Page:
Witty, novel, and completely mad
Videogames and comedy commonly have what could best be described as an arm's-length relationship. There is something of a tendency, in this gritty cynical age of ours, for games to take themselves just a little bit too seriously, and even those that are lauded as centrepieces of hilarity – whether through their dialogue, or their text, or their propensity for letting you wade into combat wielding a giant purple phallic symbol – often treat comedy as more of an extraneous feature than their primary goal. There's a simple reason for this, of course: a joke cannot survive being re-told (something that a large percentage of Portal fans need to get into their heads) and, in a mainstream game of any reasonable length, avoiding repetition is nigh-impossible. Even a game stuffed with unique content courtesy of the greatest wit money can buy still risks becoming grating if a player gets stuck on the giant robot spider boss for twenty tries or so. So when Jazzpunk, a game created specifically to be funny, petered out after a measly three hours, its comedic reserves utterly exhausted, I didn't resent it too much. I had paid my meagre sum, the game had done its piece, and we both went our separate ways. Then I sat down, and started to write what I thought about it. More in a minute.
Jazzpunk is one of those games that is liable to get a lot of conflicting labels assigned to it by self-important reviewing types, largely because the TV Tropes pages that list it at an example are likely to be a bit on the hazily-defined side. The overarching theme feels like a parody of a Cold War spy flick, filled with all the things you'd expect to come with the package – exchanging briefcases on park benches, receiving espionage orders from shadowy men in duster coats, swirling cocktails in exotic remote resorts – but it's all viewed through an Airplane!-esque lens of absurd slapstick, and there's just enough of a focus on makeshift retro-futuristic technology to earn it a provisional place at the cyberpunk table. You play Polyblank, a nebulous agent whose defining characteristics begin with his name and end with his willingness to ingest whatever is handed to him, whether it's mystery reality-augmenting pills or an obviously spiked drink. You start by taking a mission to infiltrate a Soviet embassy and then... well, it all gets just a little bit hazy, which is probably entirely intentional. The connection between your environments – not to mention whether or not you are experiencing Jazzpunk's definition of reality or not – is something that gets kept deliberately in the dark. Sure, it ends with all wrongs righted and the antagonist smeared across a pavement somewhere, but the path towards it is a shaky one, not to mention extremely silly.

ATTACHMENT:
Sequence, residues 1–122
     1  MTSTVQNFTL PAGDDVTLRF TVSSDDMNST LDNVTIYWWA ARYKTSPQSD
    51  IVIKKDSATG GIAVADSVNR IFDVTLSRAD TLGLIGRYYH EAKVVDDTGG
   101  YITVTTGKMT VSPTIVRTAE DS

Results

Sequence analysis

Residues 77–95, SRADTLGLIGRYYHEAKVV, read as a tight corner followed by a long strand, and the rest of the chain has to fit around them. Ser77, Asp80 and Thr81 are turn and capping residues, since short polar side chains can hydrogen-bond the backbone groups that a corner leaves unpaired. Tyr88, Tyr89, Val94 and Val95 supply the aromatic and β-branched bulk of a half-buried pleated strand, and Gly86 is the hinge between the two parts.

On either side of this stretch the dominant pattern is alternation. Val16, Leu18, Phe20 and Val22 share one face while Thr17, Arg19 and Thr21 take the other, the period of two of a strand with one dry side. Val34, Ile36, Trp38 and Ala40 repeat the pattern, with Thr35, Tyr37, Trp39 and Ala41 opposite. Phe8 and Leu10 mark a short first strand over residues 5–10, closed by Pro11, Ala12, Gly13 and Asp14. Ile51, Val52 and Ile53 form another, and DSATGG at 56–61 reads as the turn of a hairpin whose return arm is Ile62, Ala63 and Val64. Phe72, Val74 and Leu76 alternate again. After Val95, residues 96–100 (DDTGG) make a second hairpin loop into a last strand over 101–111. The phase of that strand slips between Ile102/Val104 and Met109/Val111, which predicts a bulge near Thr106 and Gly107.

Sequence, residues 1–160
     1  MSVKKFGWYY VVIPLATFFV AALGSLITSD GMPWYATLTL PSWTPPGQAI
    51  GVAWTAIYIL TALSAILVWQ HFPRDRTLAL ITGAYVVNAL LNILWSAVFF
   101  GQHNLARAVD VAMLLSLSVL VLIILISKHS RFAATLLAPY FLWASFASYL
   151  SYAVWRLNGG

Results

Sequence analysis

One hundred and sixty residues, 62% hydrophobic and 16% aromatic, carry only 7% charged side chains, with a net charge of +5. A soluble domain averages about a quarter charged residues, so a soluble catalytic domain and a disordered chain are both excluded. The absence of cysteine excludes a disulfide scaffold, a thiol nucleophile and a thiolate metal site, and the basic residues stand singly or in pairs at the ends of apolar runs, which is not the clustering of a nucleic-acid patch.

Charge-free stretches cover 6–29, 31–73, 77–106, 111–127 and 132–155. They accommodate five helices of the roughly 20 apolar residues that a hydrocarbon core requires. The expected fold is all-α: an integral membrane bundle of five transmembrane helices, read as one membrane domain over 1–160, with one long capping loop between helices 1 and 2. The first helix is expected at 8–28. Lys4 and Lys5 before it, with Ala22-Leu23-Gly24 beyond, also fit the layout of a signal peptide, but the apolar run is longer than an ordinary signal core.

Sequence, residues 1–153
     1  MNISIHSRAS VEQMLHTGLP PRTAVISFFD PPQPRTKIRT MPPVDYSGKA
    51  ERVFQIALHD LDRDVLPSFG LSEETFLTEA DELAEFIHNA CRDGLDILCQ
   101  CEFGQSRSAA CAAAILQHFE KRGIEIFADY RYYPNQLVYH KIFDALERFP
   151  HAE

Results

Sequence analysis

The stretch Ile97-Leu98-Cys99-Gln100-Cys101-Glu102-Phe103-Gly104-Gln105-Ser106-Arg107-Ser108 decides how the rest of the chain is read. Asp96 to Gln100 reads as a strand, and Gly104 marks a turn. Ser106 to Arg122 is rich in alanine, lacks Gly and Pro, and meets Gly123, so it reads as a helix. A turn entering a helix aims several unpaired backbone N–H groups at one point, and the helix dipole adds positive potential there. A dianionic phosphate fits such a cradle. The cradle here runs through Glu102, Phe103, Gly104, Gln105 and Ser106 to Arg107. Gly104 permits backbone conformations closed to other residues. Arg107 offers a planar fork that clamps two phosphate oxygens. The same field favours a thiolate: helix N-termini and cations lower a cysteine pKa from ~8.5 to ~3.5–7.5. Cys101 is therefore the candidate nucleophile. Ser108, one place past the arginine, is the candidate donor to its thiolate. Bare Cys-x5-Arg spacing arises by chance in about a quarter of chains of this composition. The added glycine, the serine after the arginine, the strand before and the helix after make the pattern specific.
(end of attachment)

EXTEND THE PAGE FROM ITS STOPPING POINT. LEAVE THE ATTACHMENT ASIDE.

Silliness is the order of the day, naturally. Gameplay is essentially a first-person explore-em-up, consisting of a number of areas full of things to poke, push, prod, and some other P-word that means 'talk to'. Interacting with your surroundings elicits dialogue, reactions, set-pieces or entire hidden areas (I promised myself I wouldn't use the word 'vignette' here, because I have a feeling that if one more person overuses that word then we'll awaken some kind of game-journalism-themed Lovecraftian entity) and thus, comedy is born. In a way it feels like a heavily cut-down spiritual successor to old first-person point-and-click adventure games like Normality and the later Tex Murphy sequels, though the puzzles are limited to 'receive item, follow clearly-worded instructions to use item', so you're free to wander around provoking whatever insanity you please without worrying about inventory puzzles that run on bug-person logic. The attention to interactivity is something that warms my heart in this age of obsessively-detailed static environments, and lends the comedy a lovely feel of being player driven that tends to be in short supply in, say, Portal, which was more about telling you the jokes over the intercom than letting you cause them.
And yet, there's something disappointingly inorganic about Jazzpunk. Often it feels more like a gallery than a sandbox, a set of rigidly-controlled gags strategically arranged like the exhibits at the local science museum. Of course, the best comedy is often heavily dependent on its delivery, so a certain amount of control is necessary, but neglecting to mix in some more free-form elements feels like a missed opportunity. Once again I remember the Saints Row games, which demonstrate neatly just how much catharsis can be gained from the simple joy of smacking innocent bystanders about the chops with a giant disembodied tentacle. A game like Jazzpunk, rich with visual humour and overblown slapstick, would have benefited from such a brand of D.I.Y instant gratification to fill the gaps between the scripted sequences, but as it is all you can do is bumble around looking for something else to rub your 'use' button on.